Build and test microservices applications with Azure Dev Spaces

Microsoft adds Kubernetes tools to Azure to help developers work with cloud native code. Here’s how to get started

Azure’s service platform’s adoption of Kubernetes and containerschanges how you build, deploy, and manage cloud-native applications, treating containers and services as the targets of your builds, rather than the code that makes up those services.

Kubernetes itself automates much of what had been infrastructure tasks, orchestrating and managing containers. Azure’s AKS tools simplify configuring Kubernetes, but you need to deploy straight into an AKS instance—a hurdle for anyone developing new apps or handling a migration of an existing service. Although AKS itself isn’t expensive, setting up and tearing down orchestration models takes time—time that can better be spent writing and debugging code.

Introducing Azure Dev Spaces

That’s where Azure Dev Spaces comes in to play, a managed AKS instance that’s integrated with your local development tools. It’s where you can try out code, integrating it with other Azure services, and where you can collaborate with other members of your development team. With a dev space for each member of a team tied to a specific branch of a Git repository, you can work on your specific part of a service while other developers work on theirs in their own dev space, before you merge your code with pull requests and before running integration and system level tests.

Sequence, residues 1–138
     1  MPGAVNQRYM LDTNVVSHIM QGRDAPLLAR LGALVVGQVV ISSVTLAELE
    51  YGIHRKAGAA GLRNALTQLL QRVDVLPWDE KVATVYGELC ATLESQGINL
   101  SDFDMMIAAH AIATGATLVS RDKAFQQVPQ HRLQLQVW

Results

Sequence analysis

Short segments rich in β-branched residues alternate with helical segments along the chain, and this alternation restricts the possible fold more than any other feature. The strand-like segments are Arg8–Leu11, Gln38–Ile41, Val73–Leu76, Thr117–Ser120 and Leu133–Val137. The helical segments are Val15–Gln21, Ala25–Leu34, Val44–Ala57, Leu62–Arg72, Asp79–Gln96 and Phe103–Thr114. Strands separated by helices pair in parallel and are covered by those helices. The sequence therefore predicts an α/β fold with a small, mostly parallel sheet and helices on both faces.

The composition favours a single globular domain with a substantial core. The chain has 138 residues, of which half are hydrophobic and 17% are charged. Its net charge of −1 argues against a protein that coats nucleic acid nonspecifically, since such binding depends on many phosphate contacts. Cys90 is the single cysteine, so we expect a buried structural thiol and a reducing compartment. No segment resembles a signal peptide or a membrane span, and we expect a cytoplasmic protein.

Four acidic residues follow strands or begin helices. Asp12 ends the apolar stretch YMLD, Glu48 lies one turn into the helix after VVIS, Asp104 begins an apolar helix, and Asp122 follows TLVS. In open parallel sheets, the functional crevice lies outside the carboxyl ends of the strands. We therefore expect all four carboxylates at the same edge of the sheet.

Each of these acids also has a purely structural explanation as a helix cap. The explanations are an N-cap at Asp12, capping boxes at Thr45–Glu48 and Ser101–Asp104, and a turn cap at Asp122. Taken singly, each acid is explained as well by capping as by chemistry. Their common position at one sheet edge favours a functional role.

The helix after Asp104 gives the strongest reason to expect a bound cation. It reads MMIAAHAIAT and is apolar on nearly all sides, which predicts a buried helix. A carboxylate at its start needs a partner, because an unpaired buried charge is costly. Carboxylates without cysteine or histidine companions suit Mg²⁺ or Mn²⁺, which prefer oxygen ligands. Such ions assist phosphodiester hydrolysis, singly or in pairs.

It’s also a good way to start learning about container-based development. With Azure Dev Spaces, you can use tools like Helm and Brigade to quickly build the scaffolding for new apps, creating containers and the framework need to support code running in your containers. You can work with Node.js.Net Core, or your choice of development tools—with support for both Visual Studio Code and the full Visual Studio IDE. It also simplifies set up development environments: you won’t need to have Docker or Kubernetes running on your development PC; all you need is your usual IDE with all its familiar debugging tools.

Currently available in public beta, Azure Dev Spaces is only running on a subset of the available AKS clusters, in some US Azure regions, a couple Canadian regions, and one European region. As the service heads to production release, you should see it running in more regions, but until then be ready to have a little more latency than you might normally expect. There may also be delays when setting up a dev space; for example, when configuring the public DNS for your app, which can take several minutes on first run. If you use an SSH tunnel to your space, you can access your code as if it were running on your device even though it’s on a remote container running on AKS.

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